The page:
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6-2/3 Notes – Biological Evidence & Plate Tectonics Chapter 6 Lessons 2 & 3.

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Presentation on theme: "6-2/3 Notes – Biological Evidence & Plate Tectonics Chapter 6 Lessons 2 & 3."— Presentation transcript:

1 6-2/3 Notes – Biological Evidence & Plate Tectonics Chapter 6 Lessons 2 & 3

2 Comparative Anatomy Comparative anatomy is the study of similarities and differences in the physical structures of organisms.

3 Comparative Anatomy At some point in our pasts, humans, frogs, bats, birds, and cats all shared a common ancestor.

4 Homologous Structures Homologous structures are parts of organisms that are similar in BOTH ancestral origin and structure. - are the result of evolution - can indicate how closely two or more species share common ancestors

5 Homologous Structures - The humerus bones in the upper limbs of these animals are homologous structures.

6 Analogous Structures Analogous structures appear similar, but have different ancestral origins. - the wings of birds and insects - result from similar environmental conditions that produced similar natural selection outcomes

7 Vestigial Structures Another source of evidence for evolution is vestigial structures: structures that have no function in their present-day form.

8 Vestigial Structures Scientists hypothesize that the structures once functioned in an ancestor.

9 Vestigial Structures in Humans Appendix Nictitating Membrane Wisdom Teeth Tailbone from our large-jawed ancestors with bad dental hygiene from our herbivore ancestors from our tailed primate ancestors present when we are embryos

10 Vestigial Structures in Humans The recurrent laryngeal nerve goes from the brain to your voice box. It helps us speak and swallow. It takes a very long course, looping from the brainstem down around the aorta and then back up to the larynx. WHY?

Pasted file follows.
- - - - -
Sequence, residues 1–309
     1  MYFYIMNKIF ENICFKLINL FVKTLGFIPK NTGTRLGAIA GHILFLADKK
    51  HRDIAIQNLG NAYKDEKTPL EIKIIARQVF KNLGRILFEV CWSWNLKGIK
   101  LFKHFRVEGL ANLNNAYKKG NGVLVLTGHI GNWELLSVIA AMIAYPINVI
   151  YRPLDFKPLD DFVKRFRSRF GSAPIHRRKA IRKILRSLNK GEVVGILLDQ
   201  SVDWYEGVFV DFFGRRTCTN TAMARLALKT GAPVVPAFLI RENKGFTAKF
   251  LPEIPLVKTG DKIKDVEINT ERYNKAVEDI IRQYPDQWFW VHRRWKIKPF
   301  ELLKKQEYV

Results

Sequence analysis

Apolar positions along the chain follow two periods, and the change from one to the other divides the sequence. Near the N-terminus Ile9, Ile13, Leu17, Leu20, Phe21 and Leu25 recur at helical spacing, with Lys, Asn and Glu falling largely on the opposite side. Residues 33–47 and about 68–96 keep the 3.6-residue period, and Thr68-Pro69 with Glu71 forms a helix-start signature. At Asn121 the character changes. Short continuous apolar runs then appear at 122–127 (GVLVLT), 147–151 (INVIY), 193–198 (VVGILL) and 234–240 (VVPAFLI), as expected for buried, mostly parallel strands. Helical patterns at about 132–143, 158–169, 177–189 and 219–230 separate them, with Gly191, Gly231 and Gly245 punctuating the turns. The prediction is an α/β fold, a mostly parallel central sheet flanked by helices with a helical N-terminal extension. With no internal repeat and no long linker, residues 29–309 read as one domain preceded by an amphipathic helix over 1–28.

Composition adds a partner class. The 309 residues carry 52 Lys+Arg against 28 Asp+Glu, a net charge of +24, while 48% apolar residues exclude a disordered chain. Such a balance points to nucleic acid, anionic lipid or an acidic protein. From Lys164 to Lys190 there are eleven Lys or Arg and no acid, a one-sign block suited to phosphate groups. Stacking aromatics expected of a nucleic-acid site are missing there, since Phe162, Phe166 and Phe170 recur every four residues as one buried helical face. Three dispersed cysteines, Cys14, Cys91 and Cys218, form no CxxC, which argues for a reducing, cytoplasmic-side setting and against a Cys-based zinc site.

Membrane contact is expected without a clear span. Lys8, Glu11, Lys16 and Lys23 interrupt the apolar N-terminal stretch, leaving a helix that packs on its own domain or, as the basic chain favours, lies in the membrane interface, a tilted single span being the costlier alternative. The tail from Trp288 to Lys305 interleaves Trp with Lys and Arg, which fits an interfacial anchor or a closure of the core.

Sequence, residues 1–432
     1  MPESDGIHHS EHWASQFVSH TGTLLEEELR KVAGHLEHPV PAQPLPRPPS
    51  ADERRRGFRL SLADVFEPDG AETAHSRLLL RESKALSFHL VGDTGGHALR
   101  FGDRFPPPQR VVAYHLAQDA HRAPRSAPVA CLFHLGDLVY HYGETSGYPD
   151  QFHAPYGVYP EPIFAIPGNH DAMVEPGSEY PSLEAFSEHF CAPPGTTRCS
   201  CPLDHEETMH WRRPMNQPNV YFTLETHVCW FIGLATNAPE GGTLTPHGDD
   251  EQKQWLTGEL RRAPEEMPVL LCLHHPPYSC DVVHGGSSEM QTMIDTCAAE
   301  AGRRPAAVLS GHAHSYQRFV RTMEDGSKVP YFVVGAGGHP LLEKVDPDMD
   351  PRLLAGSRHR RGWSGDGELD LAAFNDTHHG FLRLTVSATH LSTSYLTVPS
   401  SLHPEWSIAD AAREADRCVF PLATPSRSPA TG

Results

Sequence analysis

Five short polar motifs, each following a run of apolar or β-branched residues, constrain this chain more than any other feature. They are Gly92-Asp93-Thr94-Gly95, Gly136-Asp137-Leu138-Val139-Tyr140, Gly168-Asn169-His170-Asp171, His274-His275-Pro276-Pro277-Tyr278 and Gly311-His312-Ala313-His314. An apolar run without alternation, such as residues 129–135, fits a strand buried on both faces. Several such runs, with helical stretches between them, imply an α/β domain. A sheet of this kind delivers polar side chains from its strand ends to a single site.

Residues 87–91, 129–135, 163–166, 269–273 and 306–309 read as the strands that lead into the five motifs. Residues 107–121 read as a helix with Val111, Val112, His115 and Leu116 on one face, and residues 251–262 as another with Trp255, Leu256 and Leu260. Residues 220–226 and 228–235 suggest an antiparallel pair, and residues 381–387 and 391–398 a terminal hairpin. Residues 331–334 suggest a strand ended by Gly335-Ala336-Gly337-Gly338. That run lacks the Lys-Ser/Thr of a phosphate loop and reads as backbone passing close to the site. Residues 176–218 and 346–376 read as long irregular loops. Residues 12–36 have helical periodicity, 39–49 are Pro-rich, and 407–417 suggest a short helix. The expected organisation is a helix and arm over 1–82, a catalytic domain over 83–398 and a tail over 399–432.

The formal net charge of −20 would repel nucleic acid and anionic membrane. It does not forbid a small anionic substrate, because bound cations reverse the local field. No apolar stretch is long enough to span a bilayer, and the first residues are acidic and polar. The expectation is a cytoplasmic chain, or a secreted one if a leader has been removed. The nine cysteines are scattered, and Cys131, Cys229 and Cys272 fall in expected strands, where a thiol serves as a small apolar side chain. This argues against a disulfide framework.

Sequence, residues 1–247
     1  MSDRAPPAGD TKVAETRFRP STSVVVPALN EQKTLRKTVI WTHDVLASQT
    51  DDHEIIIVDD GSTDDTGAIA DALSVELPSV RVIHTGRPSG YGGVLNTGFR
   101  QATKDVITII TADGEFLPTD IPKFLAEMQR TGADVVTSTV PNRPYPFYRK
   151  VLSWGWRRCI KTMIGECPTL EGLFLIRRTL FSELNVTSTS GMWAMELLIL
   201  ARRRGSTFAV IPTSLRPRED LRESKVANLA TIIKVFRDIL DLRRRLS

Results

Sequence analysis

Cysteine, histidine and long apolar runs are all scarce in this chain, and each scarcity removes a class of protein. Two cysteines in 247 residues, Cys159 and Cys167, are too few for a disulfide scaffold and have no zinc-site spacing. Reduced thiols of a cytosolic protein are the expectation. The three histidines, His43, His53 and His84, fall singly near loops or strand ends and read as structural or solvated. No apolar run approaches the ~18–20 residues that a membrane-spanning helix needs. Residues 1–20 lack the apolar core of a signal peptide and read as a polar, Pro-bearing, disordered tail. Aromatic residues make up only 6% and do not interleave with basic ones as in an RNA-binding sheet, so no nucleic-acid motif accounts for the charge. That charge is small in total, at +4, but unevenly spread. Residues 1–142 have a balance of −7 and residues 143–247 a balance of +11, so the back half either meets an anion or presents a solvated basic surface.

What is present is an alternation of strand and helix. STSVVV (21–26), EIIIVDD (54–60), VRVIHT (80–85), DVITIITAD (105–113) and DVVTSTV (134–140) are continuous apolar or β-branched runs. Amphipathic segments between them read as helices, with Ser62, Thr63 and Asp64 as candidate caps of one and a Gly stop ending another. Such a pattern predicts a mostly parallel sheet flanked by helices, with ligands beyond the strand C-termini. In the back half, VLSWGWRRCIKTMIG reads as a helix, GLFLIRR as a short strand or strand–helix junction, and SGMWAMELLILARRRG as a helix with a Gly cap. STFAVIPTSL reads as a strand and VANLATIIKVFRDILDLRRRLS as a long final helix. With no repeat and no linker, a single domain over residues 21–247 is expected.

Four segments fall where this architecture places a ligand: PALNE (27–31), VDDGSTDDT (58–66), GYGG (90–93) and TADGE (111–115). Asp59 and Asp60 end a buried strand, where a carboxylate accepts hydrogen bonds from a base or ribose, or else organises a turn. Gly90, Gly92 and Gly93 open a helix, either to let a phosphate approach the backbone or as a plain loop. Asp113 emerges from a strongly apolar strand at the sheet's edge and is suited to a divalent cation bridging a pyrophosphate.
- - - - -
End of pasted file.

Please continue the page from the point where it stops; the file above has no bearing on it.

11 Vestigial Structures in Humans We evolved from very different ancestors. That’s why our bodies are full of glitches, and this nerve is one of them. The nerve used to line up with a blood vessel, and both serviced the gills of our fishy ancestors.

12 Vestigial Structures It takes a 15 FOOT detour in giraffes! It takes a 92 FOOT detour in supersaurus!

13 Vestigial Structures

14 Embryology Embryology is the study of patterns of development of embryos from fertilization to birth.

15 Embryology The more closely related species are, the more features they share during development.

16 Embryology Shared similarities are best explained by the theory of common ancestors and evolution through natural selection.

17 Embryology Pharyngeal pouches are a structure shared as embryos by fish, reptiles, birds, and humans.

18 Molecular Biology Molecular biology is the branch of biology that deals with life at the molecular level (DNA, RNA, proteins).

19 Molecular Biology Proteins of all organisms are built by combining just 20 different amino acids.

20 Molecular Biology “Cytochrome c” is a small protein found in the mitochondrion.

21 Molecular Biology There are slight differences in “Cytochrome c” molecules of organisms.

22 Molecular Biology Fewer differences mean organisms share a more recent common ancestor.

23 Molecular Biology More differences mean organisms share a distant common ancestor (long ago).

24 What describes the wings of an insect and a bird? Aanalogous structures Bvestigial structures Chomologous structures Dembryology 6.2 Biological Evidence

25 Which types of structures have no function in their present-day form? Ahomologous structures Bvestigial structures Canalogous structures Dpharyngeal pouches 6.2 Biological Evidence

26 What do embryologists compare when studying embryos? Aphysical structures Bproteins CDNA sequence Dpatterns of development 6.2 Biological Evidence

27 What describes the study of similarities and differences in the structure of organisms? Aembryology Bsystematics Cmolecular biology Dcomparative anatomy

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